The District Court sentenced seven police officers to jail for two years on Friday for assault against activist Ken Tsang during the 2014 pro-democracy Occupy protests.
All of the defendants were sentenced to two years and six months’ imprisonment, but the term was reduced by six months taking into account their backgrounds, such as their “long distinguished career.”
The defendants were: police chief inspector Wong Cho-shing, 48, senior inspector Lau Cheuk-ngai, 29, detective sergeant Pak Wing-bun, 42, and constables Lau Hing-pui, 38, Chan Siu-tan, 31, Kwan Ka-ho, 32, and Wong Wai-ho, 36.
Handing down the sentence, Judge David Dufton said: “The defendants damaged Hong Kong’s reputation in the international community… There was no justification to take Tsang to the substation for the assault.”
He said the court needed to “make an example” out of it to ensure that no officers would attempt to commit the offence in the future.
Judge Dufton acknowledged the “unique circumstances” and stress police officers faced during the Occupy protests, but he rejected the defendants’ plea for suspended sentence on the basis that the case was “very serious.”
The defendants all wore the same outfit – blue blazers and white shirts with black and red ties. Tsang was not present at the sentencing.
After sentencing, a family member of one of the defendants was heard crying in the prosecution witness room.
Pro-police and pro-democracy supporters shouted at each other inside the courtroom. They were told to stop by security.
A spokesperson for the pro-establishment group Politihk Social Strategic said outside the court that he thought the sentence was too long. “It is unfair; the organisers behind the Occupy protests were not prosecuted.”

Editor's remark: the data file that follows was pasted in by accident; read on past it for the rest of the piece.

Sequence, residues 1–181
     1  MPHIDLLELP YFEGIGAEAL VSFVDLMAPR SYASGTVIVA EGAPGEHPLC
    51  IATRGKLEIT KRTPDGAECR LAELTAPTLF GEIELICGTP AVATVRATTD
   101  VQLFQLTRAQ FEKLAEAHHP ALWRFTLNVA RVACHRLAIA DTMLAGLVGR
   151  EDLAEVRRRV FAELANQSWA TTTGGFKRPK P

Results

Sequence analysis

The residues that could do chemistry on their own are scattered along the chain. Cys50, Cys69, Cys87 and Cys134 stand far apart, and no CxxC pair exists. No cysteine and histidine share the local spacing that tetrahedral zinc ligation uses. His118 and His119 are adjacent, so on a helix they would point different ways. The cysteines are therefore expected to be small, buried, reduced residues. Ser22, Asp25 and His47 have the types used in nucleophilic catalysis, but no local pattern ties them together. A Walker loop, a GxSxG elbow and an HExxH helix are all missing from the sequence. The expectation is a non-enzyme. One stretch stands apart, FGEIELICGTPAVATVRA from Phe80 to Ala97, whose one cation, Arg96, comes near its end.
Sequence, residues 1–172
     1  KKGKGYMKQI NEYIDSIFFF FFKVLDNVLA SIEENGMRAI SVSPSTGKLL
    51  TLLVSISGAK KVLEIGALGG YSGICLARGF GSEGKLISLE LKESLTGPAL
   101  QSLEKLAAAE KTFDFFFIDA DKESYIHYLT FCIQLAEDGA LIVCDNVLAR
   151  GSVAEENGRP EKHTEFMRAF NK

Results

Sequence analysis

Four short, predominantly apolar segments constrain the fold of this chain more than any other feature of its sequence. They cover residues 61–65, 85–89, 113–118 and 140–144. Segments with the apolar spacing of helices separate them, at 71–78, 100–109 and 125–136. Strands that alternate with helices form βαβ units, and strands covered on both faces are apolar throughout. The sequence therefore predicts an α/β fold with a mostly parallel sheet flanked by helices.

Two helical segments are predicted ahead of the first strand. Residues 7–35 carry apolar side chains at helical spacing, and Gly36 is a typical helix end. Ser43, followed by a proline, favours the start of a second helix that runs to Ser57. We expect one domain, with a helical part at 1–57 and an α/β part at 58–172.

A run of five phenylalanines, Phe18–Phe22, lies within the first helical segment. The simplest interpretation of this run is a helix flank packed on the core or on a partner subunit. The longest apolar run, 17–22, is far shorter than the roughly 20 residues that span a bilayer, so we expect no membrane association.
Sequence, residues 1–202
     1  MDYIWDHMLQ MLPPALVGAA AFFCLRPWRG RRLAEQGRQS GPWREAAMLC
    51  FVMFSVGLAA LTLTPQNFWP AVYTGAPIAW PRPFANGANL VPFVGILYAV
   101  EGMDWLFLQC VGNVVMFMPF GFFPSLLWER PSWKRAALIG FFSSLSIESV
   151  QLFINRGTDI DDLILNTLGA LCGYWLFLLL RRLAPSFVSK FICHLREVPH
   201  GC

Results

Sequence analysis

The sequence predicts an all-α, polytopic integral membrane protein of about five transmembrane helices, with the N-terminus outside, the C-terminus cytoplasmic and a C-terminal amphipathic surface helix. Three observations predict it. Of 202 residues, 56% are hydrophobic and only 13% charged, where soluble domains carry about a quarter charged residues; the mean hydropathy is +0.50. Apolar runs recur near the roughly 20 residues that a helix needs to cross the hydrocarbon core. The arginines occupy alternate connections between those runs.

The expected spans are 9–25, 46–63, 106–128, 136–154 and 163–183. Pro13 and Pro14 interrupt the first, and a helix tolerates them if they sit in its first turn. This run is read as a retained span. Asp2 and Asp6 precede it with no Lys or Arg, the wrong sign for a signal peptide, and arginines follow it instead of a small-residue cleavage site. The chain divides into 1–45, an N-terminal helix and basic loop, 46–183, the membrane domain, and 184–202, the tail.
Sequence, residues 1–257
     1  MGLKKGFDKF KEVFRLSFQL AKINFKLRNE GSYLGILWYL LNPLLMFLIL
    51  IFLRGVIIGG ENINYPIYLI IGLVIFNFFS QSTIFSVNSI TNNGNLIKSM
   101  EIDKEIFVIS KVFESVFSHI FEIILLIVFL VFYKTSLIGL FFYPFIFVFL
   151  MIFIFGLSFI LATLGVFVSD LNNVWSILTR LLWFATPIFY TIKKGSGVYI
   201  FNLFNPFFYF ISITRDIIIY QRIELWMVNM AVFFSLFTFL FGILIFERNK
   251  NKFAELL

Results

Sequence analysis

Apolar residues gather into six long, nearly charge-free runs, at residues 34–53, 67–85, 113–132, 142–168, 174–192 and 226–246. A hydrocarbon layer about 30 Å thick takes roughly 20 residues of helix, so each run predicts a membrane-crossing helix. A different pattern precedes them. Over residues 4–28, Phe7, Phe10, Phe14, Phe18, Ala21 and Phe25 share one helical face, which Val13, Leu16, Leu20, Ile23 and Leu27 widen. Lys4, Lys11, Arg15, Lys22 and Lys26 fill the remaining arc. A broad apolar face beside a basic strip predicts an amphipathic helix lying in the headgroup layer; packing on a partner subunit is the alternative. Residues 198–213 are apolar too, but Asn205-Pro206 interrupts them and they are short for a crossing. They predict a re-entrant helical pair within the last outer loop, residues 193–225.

The seven officers were originally charged with causing grievous bodily harm with intent, but were acquitted on Tuesday on the basis that the injuries sustained by Tsang did not amount to grievous bodily harm.
Instead, Judge Dufton convicted them of the lesser charge of assault occasioning actual bodily harm.
Constable Chan was found guilty of an additional charge of common assault for slapping Tsang twice on his face inside the Central Police Station. For this he was sentenced to one month’s imprisonment, which will be served concurrently with his two-year term.
Upon being convicted on Tuesday, the defendants were remanded in custody at the Lai Chi Kok Reception Centre, a maximum security institution.
The high-profile attack on the pro-democracy activist took place near the government headquarters in Tamar Park, Admiralty on October 1, 2014. The trial began last June, almost two years after the incident occurred.
During the trial, the defendants chose not to give evidence or call any witnesses on their behalf.
Counsel for some of the officers argued that the person shown being assaulted in news footage was not Tsang but another protester who was arrested on the same night. They also contended that the defendants were not the officers shown in news footage.
But Judge Dufton ruled that Tsang was the person seen assaulted in video footage and that the officers were the ones filmed carrying Tsang to a corner in Tamar Park, where they were seen beating and kicking the activist.
The judge also noted that senior officers Wong Cho-shing and Lau Cheuk-ngai did not take part in the assault but watched what happened.
“Every police officer has a duty to intervene to prevent the commission of a crime, even by fellow police officers,” Judge Dufton said in the judgement.
Police Commissioner Lo Wai-chung said in a letter to the force on Wednesday that he and other colleagues were “all very sad” about the court decision. He said the personnel department would “do their best to provide all possible assistance” to the families of the seven officers.
Lo did not apologise to either Tsang or the public for the police misconduct.
Meanwhile, a wave of online attacks against Judge Dufton took place following Tuesday’s verdict. A spokesperson for the judiciary said Thursday that it regarded the attacks as a matter of serious concern and had referred them to the Department of Justice for follow-up action.